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Gentile da Fabriano
Madonna and Child Enthroned

c. 1420
tempera on poplar panel
95.7 x 56.5 cm (37 11/16 x 22 1/4 in)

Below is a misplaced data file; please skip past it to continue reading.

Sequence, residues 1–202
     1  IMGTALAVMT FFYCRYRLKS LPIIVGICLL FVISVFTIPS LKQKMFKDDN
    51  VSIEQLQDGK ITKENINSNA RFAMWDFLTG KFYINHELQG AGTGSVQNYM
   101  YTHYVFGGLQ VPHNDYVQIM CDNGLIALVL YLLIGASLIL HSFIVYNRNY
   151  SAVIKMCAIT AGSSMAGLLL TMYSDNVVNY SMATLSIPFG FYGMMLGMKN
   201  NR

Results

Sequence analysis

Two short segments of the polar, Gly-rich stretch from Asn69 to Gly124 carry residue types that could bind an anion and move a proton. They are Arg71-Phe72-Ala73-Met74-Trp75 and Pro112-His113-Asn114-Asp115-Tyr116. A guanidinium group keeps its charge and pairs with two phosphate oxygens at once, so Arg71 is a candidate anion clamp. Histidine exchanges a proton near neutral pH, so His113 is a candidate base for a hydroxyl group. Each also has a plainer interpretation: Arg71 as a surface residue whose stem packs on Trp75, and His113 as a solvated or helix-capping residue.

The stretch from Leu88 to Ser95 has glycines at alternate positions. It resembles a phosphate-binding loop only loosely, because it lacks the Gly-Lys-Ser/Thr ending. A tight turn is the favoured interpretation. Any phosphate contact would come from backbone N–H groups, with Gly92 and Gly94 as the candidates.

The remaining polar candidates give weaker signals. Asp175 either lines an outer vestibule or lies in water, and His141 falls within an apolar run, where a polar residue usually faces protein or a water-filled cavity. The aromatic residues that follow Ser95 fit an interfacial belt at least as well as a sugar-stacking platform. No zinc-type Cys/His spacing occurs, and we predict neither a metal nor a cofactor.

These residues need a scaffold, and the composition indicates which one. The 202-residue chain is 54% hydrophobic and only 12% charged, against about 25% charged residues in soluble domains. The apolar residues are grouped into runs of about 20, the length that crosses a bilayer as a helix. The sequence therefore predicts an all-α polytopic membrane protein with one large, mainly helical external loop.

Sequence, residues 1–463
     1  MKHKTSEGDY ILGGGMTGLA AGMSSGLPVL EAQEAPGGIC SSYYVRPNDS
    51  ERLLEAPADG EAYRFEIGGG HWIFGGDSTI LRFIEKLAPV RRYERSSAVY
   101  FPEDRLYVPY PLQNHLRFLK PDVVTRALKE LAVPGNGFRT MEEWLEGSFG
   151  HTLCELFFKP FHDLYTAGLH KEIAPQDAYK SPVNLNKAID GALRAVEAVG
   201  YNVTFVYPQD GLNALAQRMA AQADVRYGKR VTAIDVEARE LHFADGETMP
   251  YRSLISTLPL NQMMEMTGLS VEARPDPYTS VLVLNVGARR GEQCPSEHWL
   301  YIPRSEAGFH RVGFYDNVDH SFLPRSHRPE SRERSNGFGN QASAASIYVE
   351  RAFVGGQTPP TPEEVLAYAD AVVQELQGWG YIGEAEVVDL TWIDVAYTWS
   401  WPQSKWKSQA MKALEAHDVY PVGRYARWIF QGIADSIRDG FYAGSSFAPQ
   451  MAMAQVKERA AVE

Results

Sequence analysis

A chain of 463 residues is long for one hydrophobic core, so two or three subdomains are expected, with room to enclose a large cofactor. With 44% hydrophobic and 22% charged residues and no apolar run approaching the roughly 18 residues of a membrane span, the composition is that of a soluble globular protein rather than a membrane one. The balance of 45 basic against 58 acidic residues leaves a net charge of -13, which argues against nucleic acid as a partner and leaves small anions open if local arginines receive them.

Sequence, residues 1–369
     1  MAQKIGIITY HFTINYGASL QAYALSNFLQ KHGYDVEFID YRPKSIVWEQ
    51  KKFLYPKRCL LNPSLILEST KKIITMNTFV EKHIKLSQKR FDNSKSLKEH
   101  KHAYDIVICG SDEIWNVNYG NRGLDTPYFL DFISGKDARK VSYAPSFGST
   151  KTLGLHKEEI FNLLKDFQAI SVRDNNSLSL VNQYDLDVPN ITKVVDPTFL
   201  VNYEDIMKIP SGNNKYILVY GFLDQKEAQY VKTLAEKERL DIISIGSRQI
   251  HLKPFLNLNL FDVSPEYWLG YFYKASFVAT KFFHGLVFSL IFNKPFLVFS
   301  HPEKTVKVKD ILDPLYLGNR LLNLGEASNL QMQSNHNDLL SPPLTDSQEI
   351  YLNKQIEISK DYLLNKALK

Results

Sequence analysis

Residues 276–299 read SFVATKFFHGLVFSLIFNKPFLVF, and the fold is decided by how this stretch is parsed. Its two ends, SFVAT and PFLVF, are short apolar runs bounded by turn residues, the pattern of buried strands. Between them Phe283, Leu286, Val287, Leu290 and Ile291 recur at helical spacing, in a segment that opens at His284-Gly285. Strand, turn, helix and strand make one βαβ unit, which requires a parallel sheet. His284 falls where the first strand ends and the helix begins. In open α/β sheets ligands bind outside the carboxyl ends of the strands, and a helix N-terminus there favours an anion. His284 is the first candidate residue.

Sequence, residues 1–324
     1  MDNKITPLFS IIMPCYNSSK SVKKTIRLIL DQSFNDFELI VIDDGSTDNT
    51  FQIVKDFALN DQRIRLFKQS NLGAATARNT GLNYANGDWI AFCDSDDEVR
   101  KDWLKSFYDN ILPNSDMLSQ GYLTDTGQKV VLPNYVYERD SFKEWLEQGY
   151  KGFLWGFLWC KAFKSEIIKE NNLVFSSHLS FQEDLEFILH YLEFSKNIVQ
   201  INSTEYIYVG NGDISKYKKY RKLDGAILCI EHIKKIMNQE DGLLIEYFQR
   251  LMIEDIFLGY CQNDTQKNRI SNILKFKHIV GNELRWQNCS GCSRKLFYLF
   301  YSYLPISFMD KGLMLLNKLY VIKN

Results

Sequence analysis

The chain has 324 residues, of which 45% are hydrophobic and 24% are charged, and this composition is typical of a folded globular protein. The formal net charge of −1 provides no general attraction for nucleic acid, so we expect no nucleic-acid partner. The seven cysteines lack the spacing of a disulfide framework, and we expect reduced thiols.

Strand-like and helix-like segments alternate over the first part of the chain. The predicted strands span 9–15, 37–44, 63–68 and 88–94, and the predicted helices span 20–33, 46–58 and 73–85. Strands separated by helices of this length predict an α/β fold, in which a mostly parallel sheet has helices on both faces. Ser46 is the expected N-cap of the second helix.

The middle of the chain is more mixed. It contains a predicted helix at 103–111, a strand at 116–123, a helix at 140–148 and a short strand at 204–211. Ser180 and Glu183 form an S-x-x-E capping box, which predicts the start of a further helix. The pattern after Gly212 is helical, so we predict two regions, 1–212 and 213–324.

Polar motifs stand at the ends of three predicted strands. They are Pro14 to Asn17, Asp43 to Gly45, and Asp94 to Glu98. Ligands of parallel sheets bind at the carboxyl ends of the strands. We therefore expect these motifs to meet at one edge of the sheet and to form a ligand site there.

Alexander Barker [d. 1873], London, who possibly acquired it in Florence; [1] (his sale, Christie, Manson & Woods, London, 6 June 1874, no. 45); (Grüner). E.J. Sartoris, London(?), and Paris, by 1876; [2] (Nathan Wildenstein and René Gimpel, Paris and New York), by 1913; [3] purchased 1918 by Henry Goldman [1856-1937], New York; [4] (Duveen Brothers, Inc., London and New York); [5] sold March 1937 to the Samuel H. Kress Foundation, New York; [6] gift 1939 to NGA. [1] On Barker as a collector see Gustav Friedrich Waagen, Treasures of Art in Great Britain, 3 vols., London, 1854: 2:125-129, and Galleries and Cabinets of Art in Great Britain, London, 1857: 71-79; George Redford, Art Sales: A History of Sales of Pictures and Other Works of Art, 2 vols., London, 1888: 1:194; and John Fleming, "Art Dealing in the Risorgimento-II," The Burlington Magazine 121 (1979): 505-506. Barker frequently visited Florence and apparently knew both the city and its art market very well; it is likely therefore that he acquired the panel in this city, perhaps (since Waagen fails to cite the painting in his collection), after 1857. A fact that apparently challenges this work's provenance from the Barker collection is that the description given in the sale catalogue of 1874 ("The Madonna with the Infant Savior seated upon her lap holding a pomegranate") does not correspond with the appearance of this painting. There is some chance that the pomegranate was the result of a restorer's effort to reconstruct the object held by the Child and that it was cleaned away sometime between 1874 and 1911, and it cannot be excluded that the description was inaccurate. In fact, it is difficult to see why the Barker provenance should have been "invented" as early as 1922, in Valentiner's entry for the catalogue of the Goldman collection. [2] In an entry dated 7 July 1918, made shortly after the sale of the painting to Henry Goldman, the dealer René Gimpel wrote in his diary that the painting "avait appartenu à un canadien anglais, Mr. Sartis [sic], qui, était venu se fixer à Paris, l'avait prêté au Musée des Arts Décoratifs" ("had belonged to an English Canadian, Mr. Sartis, who, having settled in Paris, had lent it to the Musée des Arts Decoratifs") (see René Gimpel, Journal d'un collectionneur, marchandde tableaux, Paris, 1963; English ed., Diary of an Art Dealer, New York, 1966). One can presume that the collector was living in London around 1876, when he lent the painting to the exhibition of the Royal Academy there. It is not known how long the painting hung in the Musée des Arts Decoratifs in Paris, but since Colasanti was able to publish it in the first issue of Bollettino d'Arte for the year 1911, it was certainly there at least by 1910. And in fact Gimpel 1963: 55, who probably acquired the painting in 1912, wrote that "il etait resté longtemps exposé" in the museum. [3] See Everett Fahy, "Review of Fern Rusk Shapley, Paintings from the Samuel H. Kress Collection: Italian Schools, XV-XVI Century," Art Bulletin 56, no. 2 (June 1974): 283. The photograph of the painting in the Biblioteca Berenson at I Tatti near Florence bears the stamp "Wildenstein-Gimpel, New York." A letter from Bernard Berenson dated 14 January 1913 to René Gimpel (copy in NGA curatorial files) proves that at this date, and very probably already by the end of the preceding year, the painting was in Gimpel's possession. [4] Fahy 1974: 283 gives the date of the sale to Henry Goldman as "before July 1, 1918." [5] See Duveen Pictures in Public Collections of America, New York, 1941: no. 26. [6] The Duveen Brothers letter confirming the sale twenty-four paintings, including NGA 1939.1.255, is dated 9 March 1937; the provenance is given as "Henry Goldman Collection" (copy in NGA curatorial files; Box 474, Folder 5, Duveen Brothers Records, accession number 960015, Research Library, Getty Research Institute, Los Angeles).
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